The New Pope review – enter a seductively camp John Malkovich

Jude Law haunts Paolo Sorrentino’s glorious follow-up to The Young Pope, but Malkovich’s purring pontiff-in-waiting is divine

Anyone who was captivated by Paolo Sorrentino’s The Young Pope will be relieved that his follow-up, The New Pope, is just as rich and ravishing and gloriously enigmatic. It provides another deep dive into the hidden world of the Vatican City, marvelling at its mystique with agnostic fervour. The Venice film festival screened two episodes of the forthcoming nine-part series, each preceded by an abridged summary of what went before. But even in this bowdlerised form, it looks splendid, like Michelangelo’s Pietà, which is scarred by a terrorist bomb at the top of episode seven.

The New Pope (a co-production by Sky Atlantic, HBO and Canal+) picks up where The Young Pope left off, with Pius XIII (Jude Law) in a coma and the Holy See scurrying to come up with a replacement. The most viable candidate is Sir John Brannox (beautifully embodied by John Malkovich), an intellectual English aristo renowned for a theological text, The Middle Way, that he wrote in his youth. On arriving at his stately pile, with its shades of Brideshead Revisited, the Catholic delegates are drawn into a realm that is almost as arcane and thick with secrets as the one they’ve left behind in Rome. Brannox lounges at its centre, apparently all-knowing and all-seeing. “He’s persuasive, seductive. He envelops you,” remarks the Holy See’s marketing chief Sofia (Cécile de France). “The man seems to be made of velvet.”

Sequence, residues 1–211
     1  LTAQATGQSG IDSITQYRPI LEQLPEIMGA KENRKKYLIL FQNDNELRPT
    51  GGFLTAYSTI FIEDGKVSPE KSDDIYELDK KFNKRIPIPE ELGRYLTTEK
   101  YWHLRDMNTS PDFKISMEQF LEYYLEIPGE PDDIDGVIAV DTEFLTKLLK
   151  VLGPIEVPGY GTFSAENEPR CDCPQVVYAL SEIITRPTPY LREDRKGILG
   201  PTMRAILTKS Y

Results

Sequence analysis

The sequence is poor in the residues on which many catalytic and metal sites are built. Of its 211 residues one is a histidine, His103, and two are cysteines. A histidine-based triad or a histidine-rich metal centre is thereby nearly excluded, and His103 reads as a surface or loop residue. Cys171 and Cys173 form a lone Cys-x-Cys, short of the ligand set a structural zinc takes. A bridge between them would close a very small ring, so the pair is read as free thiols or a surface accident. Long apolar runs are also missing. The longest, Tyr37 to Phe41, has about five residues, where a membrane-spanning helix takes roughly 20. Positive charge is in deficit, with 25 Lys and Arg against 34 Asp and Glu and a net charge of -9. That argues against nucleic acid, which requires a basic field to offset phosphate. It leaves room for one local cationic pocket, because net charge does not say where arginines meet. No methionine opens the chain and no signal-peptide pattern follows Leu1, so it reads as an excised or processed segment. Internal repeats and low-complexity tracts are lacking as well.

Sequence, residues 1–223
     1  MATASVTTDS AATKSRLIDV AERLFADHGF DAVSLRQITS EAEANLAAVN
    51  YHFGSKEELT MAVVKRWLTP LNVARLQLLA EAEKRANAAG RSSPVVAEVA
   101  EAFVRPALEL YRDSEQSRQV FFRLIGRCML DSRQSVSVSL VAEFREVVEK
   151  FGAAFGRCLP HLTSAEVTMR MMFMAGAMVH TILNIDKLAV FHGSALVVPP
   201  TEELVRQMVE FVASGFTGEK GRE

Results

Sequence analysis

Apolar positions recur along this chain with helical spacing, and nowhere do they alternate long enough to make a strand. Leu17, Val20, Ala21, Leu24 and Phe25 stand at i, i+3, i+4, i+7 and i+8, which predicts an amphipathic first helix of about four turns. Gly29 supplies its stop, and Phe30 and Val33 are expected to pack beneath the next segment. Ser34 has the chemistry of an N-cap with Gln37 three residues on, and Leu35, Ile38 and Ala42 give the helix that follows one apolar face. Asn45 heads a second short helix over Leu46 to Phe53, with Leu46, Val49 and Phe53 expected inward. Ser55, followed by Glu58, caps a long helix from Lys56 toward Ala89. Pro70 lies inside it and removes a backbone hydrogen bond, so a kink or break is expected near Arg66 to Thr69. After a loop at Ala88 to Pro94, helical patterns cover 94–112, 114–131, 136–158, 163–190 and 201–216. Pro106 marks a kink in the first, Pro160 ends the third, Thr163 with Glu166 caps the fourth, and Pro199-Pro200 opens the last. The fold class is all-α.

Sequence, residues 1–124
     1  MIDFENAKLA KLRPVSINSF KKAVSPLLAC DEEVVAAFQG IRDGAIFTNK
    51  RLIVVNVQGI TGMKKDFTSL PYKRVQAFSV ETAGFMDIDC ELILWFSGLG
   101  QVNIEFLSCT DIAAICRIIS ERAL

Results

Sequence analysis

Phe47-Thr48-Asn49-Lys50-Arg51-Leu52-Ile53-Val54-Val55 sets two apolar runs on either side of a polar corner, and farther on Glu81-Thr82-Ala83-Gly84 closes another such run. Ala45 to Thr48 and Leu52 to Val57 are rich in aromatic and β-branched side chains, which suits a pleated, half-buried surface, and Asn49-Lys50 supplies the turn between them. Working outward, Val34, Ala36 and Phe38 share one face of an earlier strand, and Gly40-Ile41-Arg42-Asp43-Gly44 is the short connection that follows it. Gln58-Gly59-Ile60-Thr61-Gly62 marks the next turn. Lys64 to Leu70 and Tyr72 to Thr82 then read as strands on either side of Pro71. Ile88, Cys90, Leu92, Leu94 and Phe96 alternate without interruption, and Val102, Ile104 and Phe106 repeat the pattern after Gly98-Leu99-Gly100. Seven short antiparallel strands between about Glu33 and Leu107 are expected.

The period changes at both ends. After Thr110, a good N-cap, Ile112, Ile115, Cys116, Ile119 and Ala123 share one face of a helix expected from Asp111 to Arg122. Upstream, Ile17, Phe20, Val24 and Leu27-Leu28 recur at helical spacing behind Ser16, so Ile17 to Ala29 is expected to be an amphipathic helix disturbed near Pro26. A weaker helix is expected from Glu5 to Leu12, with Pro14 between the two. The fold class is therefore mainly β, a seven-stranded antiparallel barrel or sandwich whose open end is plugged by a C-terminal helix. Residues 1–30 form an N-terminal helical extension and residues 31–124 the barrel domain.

As with the man, so with the series. Sorrentino possesses style to burn and elegance to squander. The New Pope loops and darts from one gorgeous set piece to the next, whether it’s a religious tableau set to haunting dance music or a nocturnal stroll through a wintry Venice. The whole thing is so immaculate that it risks holding the viewer at arm’s length. But then the director will gently lance us with a moment of emotional truth, drawing our attention to the pensive old cardinal who was abused as a boy, or the emaciated child in the bed of a supposedly cursed house. Sorrentino’s grand mansion contains many doors. Crucially, we are made to feel that behind each is a story that would merit its own standalone drama.

Pope Pius XIII maybe mouldering in the hospital but his presence walks the corridors of this show. Law appears in ghostly form, laying a consoling hand on a shoulder or parading in Speedos on the beach at the Lido. (Sorrentino has always relished juggling the profound with the profane.) It’s good to have him back, but on the evidence of two episodes, I’m more taken with the new arrival. Malkovich plays delicate Brannox with a purring, campy charisma; resplendent in a purple suit, a smudge of mascara beneath watchful eyes. When he’s not reclining on the chaises longues, Brannox likes sitting upright on a stool, caressing his harp. Plop him on a toadstool and pass the man a hookah. He’d be a dead ringer for the caterpillar out of Alice’s Adventures in Wonderland.

•The New Pope screened at the Venice film festival; it will be broadcast on HBO in the US and Sky Atlantic in the UK


Xan Brooks in Venice

The GuardianTramp

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